At 10am, the sun decided to come out and stay for most of the remainder of the day, warming it up to a perfect temperature, and we made our way inside and went straight for the bottle line as we had group A tickets to get our bottles first. The line moved quickly, and once we got inside the warehouse, we traded our generic ticket for a Golden Ticket which we scratched off in hopes of getting the chance to buy one of the four special-edition varieties of Dark Lord. I did not win, but my friend Kyle did, so he got a bottle of Dark Lord aged in 23 Year Pappy Van Winkle brandy barrels, alongside the four pack of regular Dark Lord bottles that myself and everyone else were able to buy with their ticket, at $15 a bottle. (With bottles now going for over $60 each on eBay, seems like quite a bargain.)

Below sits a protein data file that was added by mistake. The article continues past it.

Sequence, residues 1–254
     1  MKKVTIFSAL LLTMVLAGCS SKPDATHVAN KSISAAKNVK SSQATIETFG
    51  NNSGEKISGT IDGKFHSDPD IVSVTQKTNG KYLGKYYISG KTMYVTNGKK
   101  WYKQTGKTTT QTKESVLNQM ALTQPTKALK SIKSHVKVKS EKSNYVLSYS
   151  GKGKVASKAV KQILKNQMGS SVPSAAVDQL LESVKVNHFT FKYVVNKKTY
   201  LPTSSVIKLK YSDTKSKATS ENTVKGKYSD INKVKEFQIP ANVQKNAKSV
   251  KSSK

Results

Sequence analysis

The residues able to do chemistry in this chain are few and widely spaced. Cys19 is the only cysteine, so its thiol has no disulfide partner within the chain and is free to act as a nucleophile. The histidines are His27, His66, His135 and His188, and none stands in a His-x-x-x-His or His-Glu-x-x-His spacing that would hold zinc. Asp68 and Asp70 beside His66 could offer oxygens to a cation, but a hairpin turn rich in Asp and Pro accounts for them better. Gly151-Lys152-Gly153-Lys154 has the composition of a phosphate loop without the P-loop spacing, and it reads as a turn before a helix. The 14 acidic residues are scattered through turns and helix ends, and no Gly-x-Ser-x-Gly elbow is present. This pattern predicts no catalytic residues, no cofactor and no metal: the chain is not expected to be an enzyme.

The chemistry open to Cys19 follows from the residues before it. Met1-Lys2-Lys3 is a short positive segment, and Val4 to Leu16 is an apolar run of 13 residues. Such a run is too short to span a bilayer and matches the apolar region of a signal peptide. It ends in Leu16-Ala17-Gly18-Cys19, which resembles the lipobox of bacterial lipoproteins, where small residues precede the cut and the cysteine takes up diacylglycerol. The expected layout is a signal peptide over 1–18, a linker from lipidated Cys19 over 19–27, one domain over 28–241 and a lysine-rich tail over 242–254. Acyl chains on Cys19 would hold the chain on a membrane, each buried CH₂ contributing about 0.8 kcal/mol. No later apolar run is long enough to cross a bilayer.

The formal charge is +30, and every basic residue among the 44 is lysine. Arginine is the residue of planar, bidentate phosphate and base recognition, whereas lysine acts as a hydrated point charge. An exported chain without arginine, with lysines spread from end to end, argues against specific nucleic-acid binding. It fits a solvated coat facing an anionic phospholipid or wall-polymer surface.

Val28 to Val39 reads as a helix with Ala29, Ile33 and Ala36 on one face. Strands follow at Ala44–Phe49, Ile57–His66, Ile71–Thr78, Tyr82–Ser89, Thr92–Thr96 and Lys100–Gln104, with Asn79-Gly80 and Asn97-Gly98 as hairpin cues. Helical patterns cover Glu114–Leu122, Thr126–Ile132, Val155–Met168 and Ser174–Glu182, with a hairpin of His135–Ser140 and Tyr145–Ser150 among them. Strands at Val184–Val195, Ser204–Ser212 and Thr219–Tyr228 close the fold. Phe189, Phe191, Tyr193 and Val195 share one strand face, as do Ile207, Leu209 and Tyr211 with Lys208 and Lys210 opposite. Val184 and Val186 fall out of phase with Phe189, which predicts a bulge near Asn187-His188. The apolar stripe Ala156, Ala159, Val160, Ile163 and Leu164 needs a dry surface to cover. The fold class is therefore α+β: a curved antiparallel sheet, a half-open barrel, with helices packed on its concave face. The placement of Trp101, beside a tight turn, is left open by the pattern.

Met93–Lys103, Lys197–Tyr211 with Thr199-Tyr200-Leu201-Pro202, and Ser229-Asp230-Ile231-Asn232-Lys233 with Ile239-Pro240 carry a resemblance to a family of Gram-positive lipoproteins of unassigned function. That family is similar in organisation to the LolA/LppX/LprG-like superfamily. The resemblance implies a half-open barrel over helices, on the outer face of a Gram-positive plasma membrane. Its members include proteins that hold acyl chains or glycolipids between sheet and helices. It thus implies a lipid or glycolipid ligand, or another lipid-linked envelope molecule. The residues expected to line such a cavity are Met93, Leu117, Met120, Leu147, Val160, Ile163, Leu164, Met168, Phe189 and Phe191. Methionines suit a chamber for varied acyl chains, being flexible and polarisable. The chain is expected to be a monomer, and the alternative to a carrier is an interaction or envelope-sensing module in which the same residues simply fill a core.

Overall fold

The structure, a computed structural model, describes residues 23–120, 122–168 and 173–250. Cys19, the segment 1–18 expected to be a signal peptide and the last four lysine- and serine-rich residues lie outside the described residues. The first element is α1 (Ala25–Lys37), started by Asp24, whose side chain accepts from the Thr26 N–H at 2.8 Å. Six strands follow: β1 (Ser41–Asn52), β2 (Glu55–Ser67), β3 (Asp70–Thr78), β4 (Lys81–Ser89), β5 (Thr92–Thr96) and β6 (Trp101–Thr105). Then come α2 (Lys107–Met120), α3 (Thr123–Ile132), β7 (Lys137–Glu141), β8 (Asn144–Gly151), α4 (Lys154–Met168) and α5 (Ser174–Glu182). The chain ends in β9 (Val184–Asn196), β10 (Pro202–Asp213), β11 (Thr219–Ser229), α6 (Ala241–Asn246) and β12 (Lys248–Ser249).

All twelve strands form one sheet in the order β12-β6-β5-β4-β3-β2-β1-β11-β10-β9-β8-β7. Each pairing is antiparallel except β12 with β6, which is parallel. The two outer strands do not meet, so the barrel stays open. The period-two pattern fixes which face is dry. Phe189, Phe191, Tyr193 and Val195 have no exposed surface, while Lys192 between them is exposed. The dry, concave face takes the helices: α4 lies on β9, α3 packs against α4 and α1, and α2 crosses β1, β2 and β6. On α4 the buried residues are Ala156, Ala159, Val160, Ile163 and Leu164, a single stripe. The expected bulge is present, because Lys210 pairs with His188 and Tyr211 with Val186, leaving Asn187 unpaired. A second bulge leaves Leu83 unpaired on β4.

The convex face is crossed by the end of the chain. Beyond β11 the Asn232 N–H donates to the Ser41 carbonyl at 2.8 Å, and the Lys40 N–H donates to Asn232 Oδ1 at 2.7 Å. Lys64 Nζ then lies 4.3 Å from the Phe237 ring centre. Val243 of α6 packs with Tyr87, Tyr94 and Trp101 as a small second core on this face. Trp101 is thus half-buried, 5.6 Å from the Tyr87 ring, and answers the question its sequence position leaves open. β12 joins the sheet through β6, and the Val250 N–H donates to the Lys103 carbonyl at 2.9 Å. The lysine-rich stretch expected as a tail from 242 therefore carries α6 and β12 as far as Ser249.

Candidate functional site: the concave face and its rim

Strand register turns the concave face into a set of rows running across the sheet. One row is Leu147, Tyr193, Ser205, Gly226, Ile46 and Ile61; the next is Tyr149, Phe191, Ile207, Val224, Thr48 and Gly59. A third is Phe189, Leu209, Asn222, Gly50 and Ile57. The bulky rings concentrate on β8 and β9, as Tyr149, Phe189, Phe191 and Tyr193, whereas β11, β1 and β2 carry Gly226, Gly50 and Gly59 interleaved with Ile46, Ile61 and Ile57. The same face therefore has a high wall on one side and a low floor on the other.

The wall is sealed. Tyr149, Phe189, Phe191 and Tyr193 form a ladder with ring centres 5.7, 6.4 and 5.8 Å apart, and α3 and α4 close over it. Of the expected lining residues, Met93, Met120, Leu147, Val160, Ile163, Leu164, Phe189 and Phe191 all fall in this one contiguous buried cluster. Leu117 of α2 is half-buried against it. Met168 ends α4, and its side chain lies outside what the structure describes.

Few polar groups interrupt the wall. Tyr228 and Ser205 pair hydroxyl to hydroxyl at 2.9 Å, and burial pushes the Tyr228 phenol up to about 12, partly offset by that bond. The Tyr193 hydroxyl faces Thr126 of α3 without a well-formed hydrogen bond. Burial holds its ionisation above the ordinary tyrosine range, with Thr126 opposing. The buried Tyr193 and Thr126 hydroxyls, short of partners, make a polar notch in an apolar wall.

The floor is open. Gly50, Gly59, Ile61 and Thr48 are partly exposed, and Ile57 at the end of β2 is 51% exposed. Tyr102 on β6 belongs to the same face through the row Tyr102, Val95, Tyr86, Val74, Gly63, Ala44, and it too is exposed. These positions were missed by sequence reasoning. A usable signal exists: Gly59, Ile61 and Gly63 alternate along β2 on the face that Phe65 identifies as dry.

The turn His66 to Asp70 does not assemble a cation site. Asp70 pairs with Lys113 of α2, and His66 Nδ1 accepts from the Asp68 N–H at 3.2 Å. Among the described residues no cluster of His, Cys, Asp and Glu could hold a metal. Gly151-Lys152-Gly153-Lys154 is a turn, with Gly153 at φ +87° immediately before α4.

After securing our bottles, we headed over to the guest taps line which had gotten quite long at this point, even though not nearly everyone had even made it inside yet. We were in that line probably a half hour, and sadly the highly sought after Goose Island BCS Rare was long gone by then (since everyone we had talked to was looking to try that). I ended up getting an Oakshire Heart Shaped Box which was great. We then wandered around a bit and finally ran into some Cleveland friends at one of the picnic tables where we ended up sitting down at for quite a while, making all kinds of new friends along the way. Most of the table we shared with a crew that came by bus from Chicago. They had all kinds of beers, food and conversation to share. It was just a parade of beers, with people pulling out one after the other of really top notch stuff, including some really great homebrews. I did bring a bottle of my most recent homebrew, a Maibock, and got some really positive feedback from it (granted it was from people who had been drinking for several hours, but I’ll take it). We ran into more Clevelanders, including some people from Fatheads, who got us more food and more beers, and more of the guest tap beers that kept turning over.